Installation is the reverse of the above, taking care to route the belt correctly around all the pulleys and idlers. Be careful not to over-torque any fasteners as you put everything back together.

Once things are back in place, look everything over again carefully. Make sure there is nothing obstructing the path of the belt or rubbing on any of the pulleys. Check the alignment of all the components and make sure the belt is centered in all the pulleys and idlers. The last step is to reconnect the ground cable to the battery, check that everyone is clear of the front of the car and start the engine. After it's been running a minute or so, do a visual check that the belt is running straight and true and that there's no obvious slap or play, or smoke that might indicate the belt is rubbing against something. Also make sure that all the pulleys are moving properly, and not seized. Take a test drive and be sure that all the components (alternator, Power Steering, A/C, and water pump) are working properly.

Your first step is to remove the washer/coolant tank assembly so you can get easier access the area of the tensioner and belt. Then remove the serpentine belt. I usually do this by inserting a pry bar into the tensioner casting and pushing down or forward to relieve tension on the belt.

Once the belt is removed, simply remove the center bolt from the tensioner housing. The tensioner will come right off.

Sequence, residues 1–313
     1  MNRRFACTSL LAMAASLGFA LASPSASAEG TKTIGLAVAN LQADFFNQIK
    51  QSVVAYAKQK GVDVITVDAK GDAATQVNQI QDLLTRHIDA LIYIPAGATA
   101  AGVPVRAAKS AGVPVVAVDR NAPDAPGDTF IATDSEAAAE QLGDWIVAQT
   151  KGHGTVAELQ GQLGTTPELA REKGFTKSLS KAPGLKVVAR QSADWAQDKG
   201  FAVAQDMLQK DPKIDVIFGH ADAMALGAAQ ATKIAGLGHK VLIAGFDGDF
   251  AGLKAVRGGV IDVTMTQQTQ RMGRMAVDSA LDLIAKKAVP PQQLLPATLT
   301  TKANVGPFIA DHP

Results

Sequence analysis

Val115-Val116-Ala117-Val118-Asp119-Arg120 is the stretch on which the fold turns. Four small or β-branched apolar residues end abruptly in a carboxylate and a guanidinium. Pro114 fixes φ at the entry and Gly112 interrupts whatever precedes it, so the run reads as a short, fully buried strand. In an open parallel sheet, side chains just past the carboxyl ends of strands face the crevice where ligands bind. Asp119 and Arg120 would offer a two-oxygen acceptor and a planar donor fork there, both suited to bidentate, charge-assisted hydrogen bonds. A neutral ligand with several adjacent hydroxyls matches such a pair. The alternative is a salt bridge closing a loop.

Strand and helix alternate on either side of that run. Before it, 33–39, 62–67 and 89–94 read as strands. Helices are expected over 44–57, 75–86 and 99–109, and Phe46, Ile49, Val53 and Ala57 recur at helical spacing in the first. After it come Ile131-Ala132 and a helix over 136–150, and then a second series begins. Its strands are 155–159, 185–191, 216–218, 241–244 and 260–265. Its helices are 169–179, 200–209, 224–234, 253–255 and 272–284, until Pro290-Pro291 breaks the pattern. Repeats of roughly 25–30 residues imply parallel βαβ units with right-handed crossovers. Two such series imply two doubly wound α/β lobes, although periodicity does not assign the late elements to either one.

If the idler pulley is noisy, but the tensioner is strong, you may want to just replace the pulley.

Change the belt too if it looks worn or old.

First remove the belt tension utilizing a serpentine belt removal tool available for purchase or rental at parts stores. Rotate the bolt on the tensioner clockwise on OHV, or counterclockwise on OHC engines, then remove the drive belt. Check both the tensioner and idle pulley by spinning. If replacement is needed, remove bolt and replace tensioner and idle pulley. Reinstall belt.

Put on a heavy pair of gloves and get a 2x4 piece of lumber. With your hands, pull up on the belt (this will take quite a bit of strength) bringing the weighted hup towards the front of the car. At this point slip the wood behind it to hold it forward. Now you can pull up again and slide the belt off the top pully, and you might need a screwdriver to get it started.

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โˆ™ 2014-08-05 21:33:28
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โˆ™ 2015-06-03 06:56:42

You remove the belt tensioner simply by unbolting it. It is a 15 mm bolt. These do tend to fail often and the bearing itself is available for less than $10 at shops like Kaman Bearings or other bearing wholsalers. Ford do not sell the bearing, only the whole tensioner for about $35.

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Q: How do you remove the belt tensioner on a Taurus or Sable?